After the fire that destroys her gated community and kills the rest of her family (which I might mention, occurs almost a quarter of the way through the book, so you really do get a feeling for not only the kind of world that is behind the gate community but what Lauren lost the night of the fire) she and two survivors of her town make their way across the highways. Densely populated, yet a wasteland, they encounter and adopt various people into their group to defend themselves against a world that has gone insane.

The only real criticism I have of the book is the fact that I never connected or cared about any of the characters. When they died I didn’t feel all that shocked, even if they were unexpected, and I don’t feel as Lauren got into any particular situation which I even remotely thought she might not get out.

★★★★☆

10 Books I am DYING to Re-Read

theluminariesThe Luminaries by Eleanor Catton
Winner of the 2013 Man-Booker Prize, this book is amazingly complex and I can’t help but feel that it would only be enhanced by a second read through. I think it is my favorite book that has been written recently and I wouldn’t be surprised if it becomes a modern classic.

The Night Circus by Erin Morgensternthenightircus
I love this book because not only is it a National Novel Writing Month novel and I’m always eager to support the program that has allowed me to finish two novels of my own. Also, The Night Circus is really a book where the scenery is the impressive part, just stunning and fantastical imagery. It may be telling of a common complaint of this book, but I want to re-read it as well because I can’t for the life of me remember what the plot was supposed to be. Not to mention there is a rumor going around that there will be a movie and I definitely want to re-read it before then.

oryxandcrakeOryx & Crake by Margaret Atwood
Besides The Handmaid’s Tale I think the MaddAddam trilogy must be her most well known work. I feel as though Oryx & Crake may be improved after reading second and third book.

The City of Dreaming Books by Walter Moersthecityofdreamingbooks
This might be the most fun book I’ve ever read and I desperately want to dip into its pages again. This is really so fun and so bookish, I’ve never come across another book which I would even label as similar! I also want to get my hands on the two sequels, The Labyrinth of Dreaming Books and The Castle of Dreaming Books the latter of which has not yet been released.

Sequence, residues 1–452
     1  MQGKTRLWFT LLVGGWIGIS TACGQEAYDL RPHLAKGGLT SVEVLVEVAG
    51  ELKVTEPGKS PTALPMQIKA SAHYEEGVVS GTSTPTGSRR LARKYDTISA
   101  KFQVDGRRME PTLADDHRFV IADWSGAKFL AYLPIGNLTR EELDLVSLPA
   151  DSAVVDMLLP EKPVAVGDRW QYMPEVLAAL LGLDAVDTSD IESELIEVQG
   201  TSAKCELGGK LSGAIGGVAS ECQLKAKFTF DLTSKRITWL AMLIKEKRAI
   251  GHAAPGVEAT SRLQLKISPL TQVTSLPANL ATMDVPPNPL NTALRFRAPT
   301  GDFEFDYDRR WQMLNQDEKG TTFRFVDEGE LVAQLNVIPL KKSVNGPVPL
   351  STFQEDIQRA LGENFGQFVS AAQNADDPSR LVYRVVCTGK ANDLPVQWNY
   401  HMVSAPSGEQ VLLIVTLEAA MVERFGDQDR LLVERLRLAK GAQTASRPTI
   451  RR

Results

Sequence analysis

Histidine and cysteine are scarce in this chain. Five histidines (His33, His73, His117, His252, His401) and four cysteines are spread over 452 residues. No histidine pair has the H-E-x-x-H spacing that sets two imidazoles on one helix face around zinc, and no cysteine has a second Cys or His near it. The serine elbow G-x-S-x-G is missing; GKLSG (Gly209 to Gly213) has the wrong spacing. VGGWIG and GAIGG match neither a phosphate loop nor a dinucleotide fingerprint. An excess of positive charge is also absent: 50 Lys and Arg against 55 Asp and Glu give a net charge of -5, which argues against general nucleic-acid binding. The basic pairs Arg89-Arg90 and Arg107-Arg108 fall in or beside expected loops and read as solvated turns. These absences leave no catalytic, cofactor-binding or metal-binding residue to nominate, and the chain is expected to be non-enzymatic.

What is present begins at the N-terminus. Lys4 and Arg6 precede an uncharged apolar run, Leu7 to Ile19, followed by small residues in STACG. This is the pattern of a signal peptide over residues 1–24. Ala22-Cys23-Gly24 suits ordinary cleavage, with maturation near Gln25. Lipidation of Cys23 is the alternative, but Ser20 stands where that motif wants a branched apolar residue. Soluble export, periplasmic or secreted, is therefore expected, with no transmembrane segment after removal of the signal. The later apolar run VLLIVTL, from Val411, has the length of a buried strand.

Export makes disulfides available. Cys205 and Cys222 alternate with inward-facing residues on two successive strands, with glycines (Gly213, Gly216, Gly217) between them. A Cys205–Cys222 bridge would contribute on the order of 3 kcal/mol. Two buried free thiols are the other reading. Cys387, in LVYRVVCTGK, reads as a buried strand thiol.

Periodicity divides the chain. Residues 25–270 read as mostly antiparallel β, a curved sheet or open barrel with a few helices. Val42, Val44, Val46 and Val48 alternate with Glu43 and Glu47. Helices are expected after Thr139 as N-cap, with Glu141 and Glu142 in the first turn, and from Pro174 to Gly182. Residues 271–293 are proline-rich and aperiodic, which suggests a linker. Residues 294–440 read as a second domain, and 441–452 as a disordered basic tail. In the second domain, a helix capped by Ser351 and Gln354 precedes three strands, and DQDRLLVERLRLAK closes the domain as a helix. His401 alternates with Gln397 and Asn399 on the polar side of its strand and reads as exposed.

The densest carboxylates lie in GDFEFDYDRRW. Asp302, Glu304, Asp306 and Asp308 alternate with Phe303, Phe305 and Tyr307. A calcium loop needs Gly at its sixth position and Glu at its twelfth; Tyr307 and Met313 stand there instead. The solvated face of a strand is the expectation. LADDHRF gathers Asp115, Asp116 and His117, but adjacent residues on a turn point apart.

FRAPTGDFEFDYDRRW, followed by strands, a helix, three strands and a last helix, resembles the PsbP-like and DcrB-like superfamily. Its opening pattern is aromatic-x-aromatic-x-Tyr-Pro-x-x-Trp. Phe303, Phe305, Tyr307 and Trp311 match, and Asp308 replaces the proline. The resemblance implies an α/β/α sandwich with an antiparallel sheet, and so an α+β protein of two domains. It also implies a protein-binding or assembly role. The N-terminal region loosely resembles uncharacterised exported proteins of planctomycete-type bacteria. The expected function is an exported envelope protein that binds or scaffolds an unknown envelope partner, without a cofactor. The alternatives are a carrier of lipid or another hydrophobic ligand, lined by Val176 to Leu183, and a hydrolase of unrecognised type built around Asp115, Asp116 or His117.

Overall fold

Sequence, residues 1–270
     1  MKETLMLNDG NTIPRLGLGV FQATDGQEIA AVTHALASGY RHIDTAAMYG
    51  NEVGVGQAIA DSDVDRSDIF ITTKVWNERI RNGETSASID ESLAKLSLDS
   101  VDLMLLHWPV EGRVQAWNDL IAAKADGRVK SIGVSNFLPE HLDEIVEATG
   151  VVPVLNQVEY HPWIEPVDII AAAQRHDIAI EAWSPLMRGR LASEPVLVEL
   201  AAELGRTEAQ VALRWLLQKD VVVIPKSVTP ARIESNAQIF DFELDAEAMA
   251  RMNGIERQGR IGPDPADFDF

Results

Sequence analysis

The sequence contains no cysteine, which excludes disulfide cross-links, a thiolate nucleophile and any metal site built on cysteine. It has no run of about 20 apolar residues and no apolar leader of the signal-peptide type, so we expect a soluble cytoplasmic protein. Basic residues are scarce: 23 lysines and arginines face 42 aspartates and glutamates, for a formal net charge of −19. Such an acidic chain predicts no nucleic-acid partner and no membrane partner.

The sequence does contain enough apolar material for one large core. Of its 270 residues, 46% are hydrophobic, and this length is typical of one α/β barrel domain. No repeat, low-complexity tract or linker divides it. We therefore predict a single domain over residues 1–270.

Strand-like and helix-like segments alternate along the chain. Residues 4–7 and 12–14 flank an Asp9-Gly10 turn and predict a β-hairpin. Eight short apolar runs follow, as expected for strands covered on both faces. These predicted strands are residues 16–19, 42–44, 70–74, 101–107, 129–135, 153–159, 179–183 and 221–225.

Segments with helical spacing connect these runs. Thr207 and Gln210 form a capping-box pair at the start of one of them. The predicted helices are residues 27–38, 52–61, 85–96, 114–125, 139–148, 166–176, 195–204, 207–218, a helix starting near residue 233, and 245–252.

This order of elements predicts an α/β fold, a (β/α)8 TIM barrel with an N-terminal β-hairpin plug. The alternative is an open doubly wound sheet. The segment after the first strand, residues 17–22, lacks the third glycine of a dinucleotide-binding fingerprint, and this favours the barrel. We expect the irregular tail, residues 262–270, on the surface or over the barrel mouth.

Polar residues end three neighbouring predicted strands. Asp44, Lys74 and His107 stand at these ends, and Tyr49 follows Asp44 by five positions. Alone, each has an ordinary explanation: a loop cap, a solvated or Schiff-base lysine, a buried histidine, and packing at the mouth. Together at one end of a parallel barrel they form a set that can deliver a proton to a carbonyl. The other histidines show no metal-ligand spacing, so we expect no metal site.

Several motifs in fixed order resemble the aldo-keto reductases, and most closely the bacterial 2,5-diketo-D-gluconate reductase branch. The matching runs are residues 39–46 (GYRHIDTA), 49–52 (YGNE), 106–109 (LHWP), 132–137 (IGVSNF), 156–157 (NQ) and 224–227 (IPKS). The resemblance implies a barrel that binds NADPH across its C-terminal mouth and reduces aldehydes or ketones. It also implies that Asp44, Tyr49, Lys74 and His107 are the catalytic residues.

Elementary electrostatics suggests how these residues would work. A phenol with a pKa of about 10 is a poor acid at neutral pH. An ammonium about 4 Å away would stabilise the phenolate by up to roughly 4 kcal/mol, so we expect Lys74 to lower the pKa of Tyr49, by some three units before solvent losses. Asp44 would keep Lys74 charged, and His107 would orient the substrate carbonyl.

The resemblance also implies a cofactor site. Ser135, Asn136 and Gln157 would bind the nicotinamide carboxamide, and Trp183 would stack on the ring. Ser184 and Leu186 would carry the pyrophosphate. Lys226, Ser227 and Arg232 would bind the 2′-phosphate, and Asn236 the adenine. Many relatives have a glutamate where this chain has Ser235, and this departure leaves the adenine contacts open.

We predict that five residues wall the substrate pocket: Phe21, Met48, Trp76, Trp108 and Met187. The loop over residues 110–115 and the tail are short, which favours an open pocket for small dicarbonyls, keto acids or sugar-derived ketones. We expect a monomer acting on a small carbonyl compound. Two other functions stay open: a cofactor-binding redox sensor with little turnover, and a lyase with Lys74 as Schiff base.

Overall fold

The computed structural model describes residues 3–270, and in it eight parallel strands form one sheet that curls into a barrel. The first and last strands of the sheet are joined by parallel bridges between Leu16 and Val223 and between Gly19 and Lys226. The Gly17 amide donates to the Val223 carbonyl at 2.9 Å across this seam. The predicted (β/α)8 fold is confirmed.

thecoldestgirlincoldtownThe Coldest Girl in Coldtown by Holly Black
Possibly my favorite young adult to date, I look back on it and I definitely want to know if it stands up to my memory. I’ve always wanted a sequel, but Holly Black has been pretty firm on the fact that its going to remain a stand alone. Normally I prefer stand alones, but in this case I’m dying for a sequel! You aren’t quite satisfied at the end.

The Sirens of Titan by Kurt Vonnegut thesirensoftitan
This and Galapagos are my two top Kurt Vonnegut books, but The Sirens of Titan is definitely something else. I would love to re-read it and catch the nuances.

thegargoyleThe Gargoyle by Andrew Davidson
It has been many years since I read this book, but it always sticks out in my mind as a beautiful and tragic book. The imagery is still really strong in my mind and its something that I wish I could re-experience for the first time.

The Idiot by Fyodor Dostoevskytheidiot
I read The Idiot a few years back (after The Brothers Karamazov and before Crime & Punishment) and its the book the solidified my love for Dostoevsky.

gameofthronesGame of Thrones by George R. R. Martin
This one is kind of a cheat since I recently started re-reading it, but I think the ASOIF books are far too long and far too complex to absorb everything if you only read it once. I was not prepared though, for how much knowing the future books would make Game of Thrones rather heartbreaking. I knew about Ned Stark before reading it the first time, but I didn’t know about anything like the Red Wedding, Purple Wedding, Renly, Theon/Reek etc etc. Reading the interactions between Jon Snow and Robb Stark was especially heartbreaking–by the time you get around to the Red Wedding you have forgotten really that Jon and Rob were close. And Sansa– it is so strange to see Sansa so light-hearted and worry-free and it kind of breaks your heart to think of the hell she’s going to go through in the next few books.

Let the Right One In by John Ajvide Lindqvistlettherightonein
To date the original Swedish film is my favorite movie, and this is definitely in my top 10 favorite books. This book is just so cold and creepy in so many facets, I think its worth the re-read to see what I might have missed the first time around and see if its still the great book I remember it as.